That once again might fall to earth
Once more to flow downstream
Once more to pass before your mind.
I think we had returned from Karen and Rafik's wedding. I knew that my life had become involved with yours, that having a future without you would not be something I could do or imagine.
Thank you for the past 40 years since that humid weekend in SE New York State.
"What therefore God hath joined together, let no man put asunder."
Not even us and our youthful, imperfect ways. Only death shall part us, Jean. And even then, only for a little while.
Thank God for you, Jean!
Love always,

Thursday, July 1, 2010

Pre-School Door Gunners: Afghanistan 2020-2030

OK, so the honest reports from Afghanistan aren't very encouraging.

Over 100 coalition troops KIA in June. Big shakeup in Generals. Or, in general. McChrystal out, Petraeus back in.

Petraeus says he not only supports President Obama's strategy but that he also agrees with it. Elsewhere, he's also said that he expects us to be needed there for a very long time.

Kinda flies in the face of the notion of withdrawing troops come July 2011. To those in certain circles, that means perhaps reducing the number from 96K+ to perhaps 65K+.

To most Americans who only casually think about the "A-word" today, I'd bet that means reducing troops to zero K.

Just read that flareups in the north have spread the conflict areas from the traditional south around the Pakistan border. Afghanistan is tough to negotiate with very few roads and almost no infrastructure. Rich in mineral wealth but no way to get there to get it out.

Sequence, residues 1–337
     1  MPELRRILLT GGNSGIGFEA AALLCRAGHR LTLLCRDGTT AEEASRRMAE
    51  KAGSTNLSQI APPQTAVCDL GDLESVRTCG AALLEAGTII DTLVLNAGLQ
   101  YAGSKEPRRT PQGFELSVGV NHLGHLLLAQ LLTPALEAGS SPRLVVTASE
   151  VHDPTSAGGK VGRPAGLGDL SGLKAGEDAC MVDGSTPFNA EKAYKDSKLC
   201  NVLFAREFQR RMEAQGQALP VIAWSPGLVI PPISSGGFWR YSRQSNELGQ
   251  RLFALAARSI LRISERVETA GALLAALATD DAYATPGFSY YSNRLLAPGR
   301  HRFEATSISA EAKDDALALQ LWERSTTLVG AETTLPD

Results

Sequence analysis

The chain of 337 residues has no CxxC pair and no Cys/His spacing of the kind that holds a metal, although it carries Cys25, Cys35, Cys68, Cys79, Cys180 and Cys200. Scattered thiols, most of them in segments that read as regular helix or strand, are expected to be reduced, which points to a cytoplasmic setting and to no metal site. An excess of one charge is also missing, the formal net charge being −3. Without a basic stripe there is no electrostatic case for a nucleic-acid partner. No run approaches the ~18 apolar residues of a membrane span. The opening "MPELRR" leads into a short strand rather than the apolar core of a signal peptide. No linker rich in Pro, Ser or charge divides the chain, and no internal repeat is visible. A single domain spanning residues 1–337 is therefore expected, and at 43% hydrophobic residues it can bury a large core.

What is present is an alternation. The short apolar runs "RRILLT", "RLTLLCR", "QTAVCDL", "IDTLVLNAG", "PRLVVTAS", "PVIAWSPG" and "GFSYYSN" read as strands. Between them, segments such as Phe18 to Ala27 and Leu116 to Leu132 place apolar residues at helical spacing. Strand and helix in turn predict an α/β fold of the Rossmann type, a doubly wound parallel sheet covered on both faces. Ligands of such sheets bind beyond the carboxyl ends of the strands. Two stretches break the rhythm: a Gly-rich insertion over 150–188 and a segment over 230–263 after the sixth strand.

Same way we have to evacuate casualties and bodies: helicopters.

I came across this pre-school play structure last month. A helicopter with two seats in the cockpit, two more teeter-totter fashion on the outside. They sorta look like machine gun mounts, side mounts for rockets and gattling guns.

Might as well get the youngsters ready for their future mission while they're still in pre-school. 'Cuz until we get a government in Afghanistan that isn't corrupt from top to bottom, and until we get enough infrastructure in place for the country to actually maintain and control itself as anything more than tribal enclaves, the conditions for "peace with honor**" might not exist within our lifetimes.

(**NOTE: See President Richard M. Nixon and Vietnam for the antecedent of peace with honor.)

And the pre-schoolers of today may very well be serving there as helicopter door gunners when they're 21. Well, some of 'em anyway.

Lord knows all of 'em will be paying for it. 'Cuz we sure don't have the money to do it today and simultaneously do the things that need doing in our country right now. We're all worried about deficits now but not about the hole we're digging in Afghanistan. A choice we've made. Yeah, I know. Economic growth was always supposed to cover it all.

Just like your income will ALWAYS increase every year, right? Even when you're old and disabled...

How'd this all happen, anyway?

Pray for enlightenment.